Hersey welcomes resident chickens to roost

HERSEY — No one in Hersey expects rock star Jimmy Buffet to show up any day soon.

But who knows?

The Osceola County village, once the county seat, is taking steps that could make Buffet and his legions of fanatic followers feel a little bit at home.

The local council recently amended the municipal animal ordinance to allow for the keeping of chickens within village limits.

That’s good.

In discussing Key West, home to Jimmy Buffet and many others - from Hemingway to Calvin Klein - the Encyclopedia Britannia notes:

“ ... the legion of colourful chickens that stroll the streets, camp out in back yards, and loll about in restaurants and taverns. Some 2,000 to 3,000 of these feral chickens inhabit Key West and are perhaps more emblematic of the island than Jimmy Buffet, wild nightly parties, or the residents’ notorious live-and-let-live attitude.

“Efforts to control the chicken population have met with varying success. An official chicken catcher, hired by the city back in 2004, was stymied in his efforts by chicken lovers who upset his traps.”

But ...Hersey folks don’t expect trouble - with an official chicken catcher waiting in the wings.

The new village ordinance reads:

“This action will allow the keeping of up to four (4) laying hens. The keeping of roosters is forbidden and will be considered a violation of this ordinance.

“Fowl must be kept confined in a suitable cage not less than 50 feet from property lines.

“No person shall allow any fowl to roam free in the Village limits of Hersey. Any authorized officer of the Village shall have the right to seize, and impound any fowl at large and if unable to locate the owner, shall have the right to dispose of such fowl in a humane way.”

Dispose???

More on that later.

Village president John Calabrese insists there is no “problem” behind the village’s recent action.

“Look, the village of Hersey has zoning regulations - including a rule stating there can be no farm animals kept within the village limits,” Calabrese pointed out.

“We’ve had, however, a couple requests from folks who want to keep a few laying hens to supply them with fresh eggs.

“All over the country, communities are allowing the keeping of laying hens within city limits - including in Ann Arbor and other municipalities in Michigan.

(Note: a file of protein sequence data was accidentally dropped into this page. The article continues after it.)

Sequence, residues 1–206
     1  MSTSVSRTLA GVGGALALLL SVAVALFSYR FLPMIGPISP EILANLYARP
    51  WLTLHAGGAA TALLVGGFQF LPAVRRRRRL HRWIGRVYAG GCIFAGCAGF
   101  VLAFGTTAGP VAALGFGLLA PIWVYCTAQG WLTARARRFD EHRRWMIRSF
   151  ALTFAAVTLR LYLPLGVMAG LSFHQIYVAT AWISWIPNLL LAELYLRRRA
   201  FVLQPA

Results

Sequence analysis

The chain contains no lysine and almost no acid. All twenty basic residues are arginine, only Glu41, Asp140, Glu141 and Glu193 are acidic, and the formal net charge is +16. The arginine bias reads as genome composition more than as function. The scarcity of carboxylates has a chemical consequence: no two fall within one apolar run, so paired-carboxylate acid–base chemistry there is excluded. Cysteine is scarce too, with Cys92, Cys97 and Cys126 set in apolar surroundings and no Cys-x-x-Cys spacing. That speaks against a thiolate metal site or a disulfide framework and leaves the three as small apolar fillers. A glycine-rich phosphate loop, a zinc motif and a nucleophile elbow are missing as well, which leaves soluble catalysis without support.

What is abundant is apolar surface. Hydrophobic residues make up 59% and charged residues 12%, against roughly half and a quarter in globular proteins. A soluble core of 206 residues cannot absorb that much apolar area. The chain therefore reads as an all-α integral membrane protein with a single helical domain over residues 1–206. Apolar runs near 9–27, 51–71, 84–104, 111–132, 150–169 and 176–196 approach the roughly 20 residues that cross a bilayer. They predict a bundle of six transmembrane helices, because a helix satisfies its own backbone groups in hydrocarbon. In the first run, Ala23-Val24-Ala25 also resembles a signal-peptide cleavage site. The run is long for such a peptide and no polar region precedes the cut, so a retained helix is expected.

“We simply amended our animal control ordinance to allow for the keeping of up to four laying hens.

“It’s all about eggs actually - not about chickens.”

The chickens might be a bit lonely. As noted, no roosters are allowed.

“A chicken doesn’t need a rooster to lay eggs,” said Calabrese. “I don’t want to be hearing the dang things at four in the morning!”

So, chickens now can roost in Hersey — in appropriate digs.

But if they get out and start strutting their stuff around the village “ ...Any authorized officer of the Village shall have the right to seize, and impound any fowl at large and if unable to locate the owner, shall have the right to dispose of such fowl in a humane way.”

Who is “Any authorized officer of the village ...”? And what is “dispose”?

“That would be me or a council member,” said Calabrese with a smile. “And I have the best recipe for Chicken Cacciatore.

“It’s just language,” he added more seriously.

“It’s all about allowing people to have a few chickens supplying them with fresh, healthy eggs.”

To date, there are actually no chickens in residence in Hersey.

Calabrese says he knows of two residents who have expressed an interest in bringing a few laying hens into the village, but he doesn’t expect a surge in the construction of chicken coops.

“I actually don’t know if anyone will keep chickens,” he said. “But if someone does create the proper pen and does keep the chickens in a clean and humane way, they’ll be able to enjoy fresh eggs in the morning.”